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Fabrice Cognot
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Location: Dijon
Joined: 29 Sep 2004

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PostPosted: Mon 13 Oct, 2008 7:45 pm    Post subject: Horseman's War Hammer         Reply with quote

Hi all

I present to you this almost full-steel Horseman's War Hammer, inspired by several museum pieces I've been able to study and other things available from specialised antique dealers.

Hand-crafted in the style of the mid-to-late XVIth century. All the parts have been hand-forged or hand-shaped.
The use of power tools has been reduced to the minimum - not only because I'm not *that* equipped in that regard :

I try to approach as close as possible the historical methods of making and assembly for all the things I make, be they knives, daggers and in that case, hammers - being a PhD student in European arms and armour helps in that regard.

For instance, in that hammer the point of the beak is hard steel (1075), forge-welded (with hammer and anvil, and nasty swear words let me tell you) in a V-cut that I made in the head, as I so often documented on suchlike period hammers.





Mild steel mostly (except what I mention above), grip is covered with steel and brass wire over a wooden core. Hand-fileworked, full tang construction.

The belt clip is also quite historical - in a way that wasn't really planned. For it got damaged when I tried using power tools to give the thing a final shine, and I had to repair it - exactly the same way it would have been repaired then (no more power tools ! bad tools ! bad! ). So on one hand it is slightly damaged, but on the other hand it adds to its value and history - and the repair made it sturdier than ever.

Detailed view of the grip - wire-wrap and turk's heads :


Detailed views of the head, showing the peened rivets and clip, plus the filework. :



You can see on the latter pic a dark spot near the point - this shows the weld, where the hard steel wedge is inserted in the mild steel head - from there, a faint line goes up and to the left also, showing the differences in Carbon content. Or maybe I'm the only one to see it as I know it is there....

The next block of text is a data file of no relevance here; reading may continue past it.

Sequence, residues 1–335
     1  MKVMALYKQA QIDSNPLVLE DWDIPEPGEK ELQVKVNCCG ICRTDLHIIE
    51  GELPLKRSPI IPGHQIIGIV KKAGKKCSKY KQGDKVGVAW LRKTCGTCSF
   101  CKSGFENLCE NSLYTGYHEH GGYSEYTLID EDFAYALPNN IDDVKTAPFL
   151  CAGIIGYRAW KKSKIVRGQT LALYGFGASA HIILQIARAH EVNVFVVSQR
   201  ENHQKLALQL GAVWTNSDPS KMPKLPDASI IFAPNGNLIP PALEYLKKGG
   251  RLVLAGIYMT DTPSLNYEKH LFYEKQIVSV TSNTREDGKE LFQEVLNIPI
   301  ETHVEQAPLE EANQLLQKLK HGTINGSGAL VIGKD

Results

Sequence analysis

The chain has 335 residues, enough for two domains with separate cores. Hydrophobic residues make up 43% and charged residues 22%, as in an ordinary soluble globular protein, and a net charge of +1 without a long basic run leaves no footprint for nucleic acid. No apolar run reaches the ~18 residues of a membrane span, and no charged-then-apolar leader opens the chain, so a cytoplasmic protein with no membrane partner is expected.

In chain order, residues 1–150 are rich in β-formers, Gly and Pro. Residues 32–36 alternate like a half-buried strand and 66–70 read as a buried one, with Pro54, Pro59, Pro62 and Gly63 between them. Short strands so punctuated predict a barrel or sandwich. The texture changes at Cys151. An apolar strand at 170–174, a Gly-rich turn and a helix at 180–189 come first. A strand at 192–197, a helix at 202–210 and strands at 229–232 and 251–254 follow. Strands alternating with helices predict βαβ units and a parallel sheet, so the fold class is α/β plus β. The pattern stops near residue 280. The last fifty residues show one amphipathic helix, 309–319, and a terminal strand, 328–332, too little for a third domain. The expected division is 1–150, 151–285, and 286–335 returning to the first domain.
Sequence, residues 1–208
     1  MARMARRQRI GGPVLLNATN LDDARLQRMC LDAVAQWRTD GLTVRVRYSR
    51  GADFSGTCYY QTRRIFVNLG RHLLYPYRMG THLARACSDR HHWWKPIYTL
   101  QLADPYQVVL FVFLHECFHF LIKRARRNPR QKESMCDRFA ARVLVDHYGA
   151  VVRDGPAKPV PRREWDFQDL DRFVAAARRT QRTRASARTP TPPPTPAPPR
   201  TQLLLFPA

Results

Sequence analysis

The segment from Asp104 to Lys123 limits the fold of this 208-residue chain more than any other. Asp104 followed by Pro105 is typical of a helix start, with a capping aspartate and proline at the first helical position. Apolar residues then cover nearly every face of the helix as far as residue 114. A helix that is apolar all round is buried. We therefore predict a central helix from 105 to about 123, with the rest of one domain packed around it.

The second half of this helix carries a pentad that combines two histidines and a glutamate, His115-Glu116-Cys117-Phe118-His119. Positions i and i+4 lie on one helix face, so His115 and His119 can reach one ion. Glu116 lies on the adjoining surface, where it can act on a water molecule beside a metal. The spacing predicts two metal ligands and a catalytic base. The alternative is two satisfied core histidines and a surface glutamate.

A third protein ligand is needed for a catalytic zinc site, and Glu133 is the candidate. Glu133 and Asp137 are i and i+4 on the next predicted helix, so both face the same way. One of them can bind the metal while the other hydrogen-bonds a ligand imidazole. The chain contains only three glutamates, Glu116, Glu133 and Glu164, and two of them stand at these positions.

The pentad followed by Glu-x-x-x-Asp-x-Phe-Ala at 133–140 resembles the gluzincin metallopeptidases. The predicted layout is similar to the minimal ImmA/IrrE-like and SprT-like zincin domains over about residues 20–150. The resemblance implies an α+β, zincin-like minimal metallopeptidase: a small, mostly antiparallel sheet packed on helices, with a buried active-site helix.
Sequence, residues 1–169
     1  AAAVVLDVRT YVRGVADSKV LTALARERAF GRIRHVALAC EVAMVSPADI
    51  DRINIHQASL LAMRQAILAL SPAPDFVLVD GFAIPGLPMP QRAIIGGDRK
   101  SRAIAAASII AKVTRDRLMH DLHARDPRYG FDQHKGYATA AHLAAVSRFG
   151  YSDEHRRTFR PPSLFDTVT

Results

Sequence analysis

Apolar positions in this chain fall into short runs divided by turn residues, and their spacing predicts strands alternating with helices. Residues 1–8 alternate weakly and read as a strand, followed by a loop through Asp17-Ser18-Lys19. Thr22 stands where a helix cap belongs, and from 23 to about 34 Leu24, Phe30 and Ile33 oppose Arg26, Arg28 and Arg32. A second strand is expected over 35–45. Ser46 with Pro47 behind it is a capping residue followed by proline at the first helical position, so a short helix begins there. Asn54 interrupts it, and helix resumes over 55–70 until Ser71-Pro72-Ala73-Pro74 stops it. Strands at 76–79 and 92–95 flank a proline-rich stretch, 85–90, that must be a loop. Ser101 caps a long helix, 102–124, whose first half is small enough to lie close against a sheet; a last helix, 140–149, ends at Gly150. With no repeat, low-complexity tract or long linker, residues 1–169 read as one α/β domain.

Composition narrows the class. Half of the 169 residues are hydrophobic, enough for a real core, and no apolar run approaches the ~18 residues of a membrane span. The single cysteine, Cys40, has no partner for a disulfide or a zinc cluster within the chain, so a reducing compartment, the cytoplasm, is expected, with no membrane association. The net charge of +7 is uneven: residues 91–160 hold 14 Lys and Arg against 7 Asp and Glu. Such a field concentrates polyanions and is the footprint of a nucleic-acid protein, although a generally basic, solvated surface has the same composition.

This point is pointy. I mean, really really pointy. And sharp.

Dimensions :
OAL 526 mm, head 147 mm on 19mm thick, shaft 12 mm thick, roundels about 45 mm, grip length 108 mm. 851 g total weight.


The thing will be delivered in a nice wooden box. I can leave it in this 'as new' polish, or 'antique' it a bit, for a few more euros.

Following the advice of a good swordsmith friend of mine, I'm asking 800 euros for this one - including the box (but without S&H).

PM me, or better : email me.

Cheers

Fab

PhD in medieval archeology.
HEMAC member
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Maker of high quality historical-inspired pieces.
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Joel Minturn





Joined: 10 Dec 2007

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PostPosted: Mon 13 Oct, 2008 8:37 pm    Post subject:         Reply with quote

Nice. That looks really good. I like it a lot.
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D. Austin
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Location: Melbourne, Australia
Joined: 20 Sep 2007

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PostPosted: Mon 13 Oct, 2008 8:53 pm    Post subject:         Reply with quote

Wish I had the funds for such a purchase. I am most impressed. I love the dome at the base of the grip and the belt clip. It does look very authentic. I'm finding myself more and more interested in weapons other than swords these days and this is a great example.

Darren.
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Nathan Robinson
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PostPosted: Tue 14 Oct, 2008 12:38 am    Post subject:         Reply with quote

Congratulations, Fabrice, that looks fantastic. Thank you for sharing it with us.